Springs Eternal

When the temperature hits 100, the best place to get wet is always the closest place. But if you’re willing to travel, we know 25 great spots where you can cannonball, belly flop, or do the can opener (instructions included) into cold, clear, flowing freshwater. (Our definition of “swimming hole” excludes salt water and any pool that isn’t spring-fed.) So grab your goggles, throw a towel and a magazine (we can think of a good one) in your backpack, and prepare to have your core temperature lowered. If only for an afternoon.
Photograph by Kenny Braun

1) Barton Springs Pool

Austin

Now that it has been blessed twice—by Taoist monks from China and Tibetan monks from India—maybe the springs will survive the whirl of progress that continues to transform the capital. It’s long been the jewel in the city’s violet crown, and rightly so. Just below the diving board, the spring that feeds the pool—named Parthenia after one of “Uncle Billy” Barton’s daughters—pushes out an average of 27 million gallons a day, making it the largest of the many that flow out of the Balcones Fault in this area. The combination of a beautiful setting, beautiful people, and cold, refreshing water makes Barton Springs the best swimming hole in the state. Recipe for a perfect afternoon: Combine towel and sunscreen, add people- watching and shade to taste, and bake until ready for refrigeration. Repeat until sunset. For best results, add your honey. If you’re hungry: burgers and shakes at P. Terry’s. In Zilker Park, at 2101 Barton Springs Road. 512-476-9044. Open year-round; hours change seasonally. $3. Crowded on weekends - Shade - Lifeguard - Grilling.

2) Blue Hole

Wimberley

This gorgeous spot on Cypress Creek in the heart of Wimberley Valley is probably the quintessential Texas swimming hole. Tall old-growth bald cypresses and other trees cast pools of shade so picture-perfectly that one might imagine this to be a mirage constructed to taunt the hot and sticky. After a battle with developers in 2005, the Village of Wimberley purchased the 126-acre tract and designated it a regional park, with plans for tennis courts and a soccer field. Hmmm. All I ask is that they leave the swings. If you’re hungry: black bean tacos at the Cypress Creek Café. 333 Blue Hole Lane. 512-847-0025. Open Memorial Day through Labor Day, Sun–Thur 10–6, Fri, Sat, & holidays 10–8. $5. Crowded on weekends - Shade - Rope Swing.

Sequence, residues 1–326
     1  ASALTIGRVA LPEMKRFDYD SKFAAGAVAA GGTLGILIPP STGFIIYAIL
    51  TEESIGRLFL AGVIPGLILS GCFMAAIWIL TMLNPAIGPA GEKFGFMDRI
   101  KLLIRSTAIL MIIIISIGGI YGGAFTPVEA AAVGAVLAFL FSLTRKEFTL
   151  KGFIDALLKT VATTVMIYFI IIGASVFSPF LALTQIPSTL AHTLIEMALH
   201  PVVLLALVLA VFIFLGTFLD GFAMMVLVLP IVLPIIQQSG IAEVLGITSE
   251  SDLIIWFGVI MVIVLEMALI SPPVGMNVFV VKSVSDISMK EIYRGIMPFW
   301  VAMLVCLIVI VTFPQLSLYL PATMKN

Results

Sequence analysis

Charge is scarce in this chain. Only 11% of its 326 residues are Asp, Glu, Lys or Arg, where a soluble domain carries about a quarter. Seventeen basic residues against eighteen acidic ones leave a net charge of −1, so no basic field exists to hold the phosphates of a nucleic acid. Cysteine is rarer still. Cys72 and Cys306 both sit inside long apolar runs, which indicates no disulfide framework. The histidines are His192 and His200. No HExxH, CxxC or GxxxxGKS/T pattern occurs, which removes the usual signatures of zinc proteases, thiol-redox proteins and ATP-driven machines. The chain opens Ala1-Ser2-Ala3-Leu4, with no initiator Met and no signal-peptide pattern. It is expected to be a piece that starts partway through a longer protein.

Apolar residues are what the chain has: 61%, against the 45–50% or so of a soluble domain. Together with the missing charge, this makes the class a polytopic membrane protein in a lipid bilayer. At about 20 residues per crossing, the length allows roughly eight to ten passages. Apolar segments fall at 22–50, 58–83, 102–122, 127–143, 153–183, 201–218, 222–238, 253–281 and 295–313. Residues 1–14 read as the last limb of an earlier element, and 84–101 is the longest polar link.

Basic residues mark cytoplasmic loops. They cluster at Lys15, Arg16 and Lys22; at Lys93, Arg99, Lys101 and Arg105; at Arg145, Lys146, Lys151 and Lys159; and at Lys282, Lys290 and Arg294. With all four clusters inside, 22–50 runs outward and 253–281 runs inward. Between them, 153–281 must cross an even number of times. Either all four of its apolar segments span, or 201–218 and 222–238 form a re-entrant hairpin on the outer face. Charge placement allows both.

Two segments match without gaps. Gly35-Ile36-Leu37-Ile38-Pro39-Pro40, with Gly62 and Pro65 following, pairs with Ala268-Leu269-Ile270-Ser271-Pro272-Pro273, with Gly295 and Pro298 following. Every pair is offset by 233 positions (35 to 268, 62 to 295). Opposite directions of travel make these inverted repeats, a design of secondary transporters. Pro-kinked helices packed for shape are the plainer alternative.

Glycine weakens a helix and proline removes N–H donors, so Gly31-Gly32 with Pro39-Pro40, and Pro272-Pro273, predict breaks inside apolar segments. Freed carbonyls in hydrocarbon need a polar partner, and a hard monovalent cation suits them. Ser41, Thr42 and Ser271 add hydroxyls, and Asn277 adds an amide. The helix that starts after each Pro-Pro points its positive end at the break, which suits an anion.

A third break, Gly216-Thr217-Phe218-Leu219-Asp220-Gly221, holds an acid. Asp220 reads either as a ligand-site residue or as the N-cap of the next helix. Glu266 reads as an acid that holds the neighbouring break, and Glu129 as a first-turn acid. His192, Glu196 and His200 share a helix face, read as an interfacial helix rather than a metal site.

3) Brinks Crossing

Center Point

Shady trees, a sandy beach, a large rocky area for sunbathing, and the deep brown river make this a top-notch swimming spot. To sniff this place out, I used Guerrilla Swimming Tactic No. 2, according to which you explore anything named River Road to see where it leads (Tactic No. 1 is a secret I will take to my grave). Never has Tactic No. 2 paid such dividends! A hidden gem, and the ground was noticeably freer of beer cans and other detritus than most public spots. Gold stars to those who keep it that way. If you’re hungry: Bring a picnic. Where Center Point River Road crosses the Guadalupe River. Free. Shade.

4) Balmorhea State Park

Toyahvale

The San Solomon Springs push out 22 million to 28 million gallons a day at Balmorhea, and the resulting oasis is worth a stop (or even a long detour) any day. The huge L-shaped pool (one and three quarters acres!) has plenty of room for the bales of turtles, schools of small fish, thronglets of children, and gaggles of scuba divers that gather in, around, and under the water. Screw up your courage and take a plunge off the high dive. The hole’s strange moniker was derived by combining the names of Messrs. Balcum, Moore, and Rhea, the gentlemen who developed the land, in 1906. If you’re hungry: homemade burritos at Balmorhea Grocery. Off Interstate 10, on Texas Highway 17 South just past Balmorhea. 432-375-2370. Open year-round, 8–sunset. $7. Picnic Tables - Shade - Grilling - Camping.

5) Hamilton Pool

Travis County

Oblivious (for now) to the

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